Drought index

Definition of Drought Index

The numerical representation of drought intensity, as per a drought index, takes into account factors, namely precipitation, temperature, evapotranspiration rates, and soil moisture levels. Drought indices function to predict the potential impact on ecosystems, agriculture, and water resources of a given region. Various indices, due to their different natures, are more applicable to certain facets of drought analysis.

Common Drought Indices

Several indices have been developed to evaluate and keep track of drought severity. The following are some well-established indices:
Palmer Drought Severity Index (PDSI) : This prevalent index provides a measure of the surplus or deficit in soil moisture over a certain period. The calculation relies on precipitation and temperature readings and specific soil attributes. The severity of a drought is then estimated on a scale from -6 (extreme drought) to +6 (extremely wet conditions).

Standardized Precipitation Index (SPI) : This index, based exclusively on precipitation data, calculates the deficit or surplus of precipitation relative to the long-term average of a particular location and timescale. This period usually varies between 1 to 48 months. SPI values extend from -3 (extreme drought) to +3 (extremely wet conditions).

Keetch-Byram Drought Index (KBDI) : Predominantly utilized to assess wildfire susceptibility in drought conditions, KBDI estimates soil moisture deficit using maximum temperature and precipitation data recorded daily. The values of this index vary from 0 (no drought) to 800 (extreme drought).

Applications of Drought Indices

Drought Monitoring: Drought indices prove invaluable in monitoring drought onset, duration, and severity across various regions. These indices help to pinpoint areas experiencing unusual dryness or wetness, enabling early detection of possible drought-related effects.

Water Resource Management: By recognizing potential water shortages or surpluses, drought indices provide critical information for water resource management. This knowledge is instrumental in planning water distribution, fostering conservation efforts, and devising drought contingency plans.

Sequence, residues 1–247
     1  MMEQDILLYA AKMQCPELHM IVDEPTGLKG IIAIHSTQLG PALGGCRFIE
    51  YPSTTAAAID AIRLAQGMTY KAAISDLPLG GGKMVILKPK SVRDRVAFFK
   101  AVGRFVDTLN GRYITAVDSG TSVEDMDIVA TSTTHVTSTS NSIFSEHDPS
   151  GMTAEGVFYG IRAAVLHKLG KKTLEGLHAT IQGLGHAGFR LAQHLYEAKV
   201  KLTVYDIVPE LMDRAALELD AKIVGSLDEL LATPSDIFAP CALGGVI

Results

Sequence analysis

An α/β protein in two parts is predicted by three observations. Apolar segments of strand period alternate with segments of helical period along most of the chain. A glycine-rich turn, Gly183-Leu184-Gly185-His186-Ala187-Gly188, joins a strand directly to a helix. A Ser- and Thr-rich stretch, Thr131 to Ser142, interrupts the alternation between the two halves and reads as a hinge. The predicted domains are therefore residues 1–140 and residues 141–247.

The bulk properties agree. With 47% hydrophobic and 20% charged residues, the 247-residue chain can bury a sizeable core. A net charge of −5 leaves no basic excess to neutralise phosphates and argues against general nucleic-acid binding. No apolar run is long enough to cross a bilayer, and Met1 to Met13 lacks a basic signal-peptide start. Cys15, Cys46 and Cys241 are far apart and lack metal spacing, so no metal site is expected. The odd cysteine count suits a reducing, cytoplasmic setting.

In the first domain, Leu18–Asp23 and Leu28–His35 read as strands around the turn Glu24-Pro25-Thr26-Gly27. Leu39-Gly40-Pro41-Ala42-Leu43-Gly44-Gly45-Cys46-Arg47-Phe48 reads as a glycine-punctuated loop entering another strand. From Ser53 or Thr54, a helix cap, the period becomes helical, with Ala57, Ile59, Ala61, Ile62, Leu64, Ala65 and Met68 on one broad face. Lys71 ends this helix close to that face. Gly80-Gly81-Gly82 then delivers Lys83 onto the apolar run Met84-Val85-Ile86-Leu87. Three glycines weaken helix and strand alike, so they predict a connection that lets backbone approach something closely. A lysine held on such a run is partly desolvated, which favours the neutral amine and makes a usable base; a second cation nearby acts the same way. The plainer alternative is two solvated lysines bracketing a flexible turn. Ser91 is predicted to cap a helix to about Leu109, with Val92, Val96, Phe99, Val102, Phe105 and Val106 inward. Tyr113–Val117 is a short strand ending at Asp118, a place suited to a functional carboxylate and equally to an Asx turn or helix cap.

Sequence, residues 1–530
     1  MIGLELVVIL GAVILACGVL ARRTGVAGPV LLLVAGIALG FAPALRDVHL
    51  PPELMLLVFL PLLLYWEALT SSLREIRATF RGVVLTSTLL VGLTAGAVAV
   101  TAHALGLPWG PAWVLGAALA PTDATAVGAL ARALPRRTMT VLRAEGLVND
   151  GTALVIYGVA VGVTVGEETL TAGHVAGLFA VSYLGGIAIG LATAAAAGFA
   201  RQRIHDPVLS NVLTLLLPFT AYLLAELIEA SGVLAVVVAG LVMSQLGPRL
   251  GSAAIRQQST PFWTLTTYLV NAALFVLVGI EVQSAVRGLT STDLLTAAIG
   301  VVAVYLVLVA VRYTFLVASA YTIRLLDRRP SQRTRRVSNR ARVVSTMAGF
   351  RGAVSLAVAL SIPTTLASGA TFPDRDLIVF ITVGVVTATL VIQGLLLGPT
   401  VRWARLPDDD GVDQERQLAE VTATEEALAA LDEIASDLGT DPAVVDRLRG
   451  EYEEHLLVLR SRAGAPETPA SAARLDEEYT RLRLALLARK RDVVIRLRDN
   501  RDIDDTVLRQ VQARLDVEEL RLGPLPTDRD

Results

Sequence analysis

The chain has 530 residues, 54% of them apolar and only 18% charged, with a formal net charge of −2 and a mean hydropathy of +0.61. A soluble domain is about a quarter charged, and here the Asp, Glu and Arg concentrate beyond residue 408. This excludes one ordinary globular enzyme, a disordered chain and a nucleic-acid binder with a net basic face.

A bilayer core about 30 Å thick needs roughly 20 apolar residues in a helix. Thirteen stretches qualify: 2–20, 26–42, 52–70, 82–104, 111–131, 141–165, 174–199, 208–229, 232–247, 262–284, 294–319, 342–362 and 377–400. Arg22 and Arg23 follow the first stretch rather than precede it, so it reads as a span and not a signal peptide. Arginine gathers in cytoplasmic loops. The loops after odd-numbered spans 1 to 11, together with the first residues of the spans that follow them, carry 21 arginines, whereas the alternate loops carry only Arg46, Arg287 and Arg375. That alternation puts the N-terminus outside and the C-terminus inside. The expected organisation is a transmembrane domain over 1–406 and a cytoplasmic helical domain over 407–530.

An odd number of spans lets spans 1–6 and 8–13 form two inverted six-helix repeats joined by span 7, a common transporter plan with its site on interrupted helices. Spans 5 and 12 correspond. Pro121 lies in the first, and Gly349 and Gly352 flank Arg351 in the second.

Agriculture and Irrigation: Drought indices are useful to farmers and agricultural planners in assessing the potential drought-induced impacts on crop yields and irrigation requirements. Monitoring drought conditions fosters informed decision-making regarding crop planting, irrigation, and the deployment of drought-resistant crop species or farming techniques.

Limitations of Drought Indices

Data Availability: The precision and reliability of drought indices hinge on the quality and accessibility of input data, encompassing precipitation, temperature, and soil moisture data. In areas with inconsistent or insufficient data, drought indices might not depict an accurate or comprehensive portrayal of drought conditions.

Regional Variability: The efficacy of drought indices may not be uniform for all regions or all kinds of droughts. Certain indices may be more appropriate for specific environments or climates, demanding the careful selection of the right index based on location and intended use.

Multidimensional Nature of Drought: Drought is a complex phenomenon that incorporates physical, environmental, and socioeconomic dimensions. As no single drought index can encapsulate all facets of drought, using multiple indices or integrating them with other indicators is often required to gain a more holistic comprehension of drought conditions and their repercussions.
Updated: Jun 2, 2023
Published by: Weather Atlas | About Us